This alarming accident led the Indian Council of Medical Research (ICMR) to study the immune response and side effects in 18 out of the 20 people. It then compared these to a group of people who received two doses of either Covaxin or Covishield.
Compared to the group that received doses of the same vaccines, the Covishield-Covaxin mix-and-match group had higher neutralising antibodies, according to a paper by the ICMR that is yet to be peer-reviewed. India’s drugs authority has now approved a full-length study into a heterologous prime-boost of the two vaccines that make up most of India’s Covid-19 immunisation programme.
What the WHO says about mixing vaccines
As international borders open up, and once drug companies begin applying for full licences, vaccines will be available in private clinics and centres outside of the national immunisation programmes. This could potentially spur a dangerous trend of vaccine shopping.
For this reason, the World Health Organization (WHO) has warned against individuals mixing vaccines on their own. “It’s a little bit of a dangerous trend here,” WHO’s Soumya Swaminathan told an online briefing on July 12. “It will be a chaotic situation in countries if citizens start deciding when and who will be taking a second, a third and a fourth dose.”
She later clarified in a tweet that public health agencies could take a call based on available data whether to allow mixing two particular vaccines or not.
On Aug. 10, the WHO also cautioned against the quick adoption of mixing vaccines in an interim statement. “While these studies are encouraging, they require cautious interpretation given the limited sample sizes and lack of follow up, especially related to safety data, and the uncertain relevance of immunological readouts in relation to clinical impact,” it said.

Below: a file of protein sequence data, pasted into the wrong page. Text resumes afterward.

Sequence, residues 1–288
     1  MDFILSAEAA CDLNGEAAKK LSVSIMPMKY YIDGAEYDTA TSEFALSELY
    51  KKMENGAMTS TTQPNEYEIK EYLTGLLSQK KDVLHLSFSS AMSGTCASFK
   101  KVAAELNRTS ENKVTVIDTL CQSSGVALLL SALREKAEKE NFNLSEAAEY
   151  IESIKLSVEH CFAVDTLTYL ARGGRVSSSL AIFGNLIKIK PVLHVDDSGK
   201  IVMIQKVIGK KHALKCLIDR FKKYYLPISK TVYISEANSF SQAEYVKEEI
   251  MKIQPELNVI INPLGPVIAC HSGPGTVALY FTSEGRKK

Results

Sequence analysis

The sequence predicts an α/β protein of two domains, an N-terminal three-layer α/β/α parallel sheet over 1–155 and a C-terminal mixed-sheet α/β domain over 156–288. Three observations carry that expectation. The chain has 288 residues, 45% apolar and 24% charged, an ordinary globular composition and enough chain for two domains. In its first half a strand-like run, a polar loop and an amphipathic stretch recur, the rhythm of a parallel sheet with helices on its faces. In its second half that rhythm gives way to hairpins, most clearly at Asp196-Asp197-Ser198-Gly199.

But if proven to be safe and beneficial, the ability to mix and match Covid-19 vaccines could have several other benefits.
Mixing the Moderna and Pfizer vaccines
Canada is among the first countries actively trying to manage its vaccine supply issues by allowing the mixing of vaccines. For starters, those in the country who had taken the Pfizer shot were asked to take Moderna’s mRNA vaccine for their second dose. This has helped Canada overcome a supply bottleneck that delayed 2.4 million doses of Pfizer in June.
Taking it even further, on June 17, the Canadian National Advisory Committee on Immunization recommended those who received the AstraZeneca first dose should preferably take either the Pfizer or Moderna mRNA vaccine for their second dose. This decision was taken in light of the rare clotting events reported with the AstraZeneca vaccine. Canadian prime minister Justin Trudeau, too, took Moderna as his second dose on July 2 after the AstraZeneca first dose.
For countries in Asia and Africa, especially those heavily dependant on Covax and international vaccine donations, mixing vaccines could potentially ease the delay in supplies. Countries have currently been hit because of a low supply of the AstraZeneca vaccine, with many manufacturers including the Serum Institute of India running behind on their delivery timelines.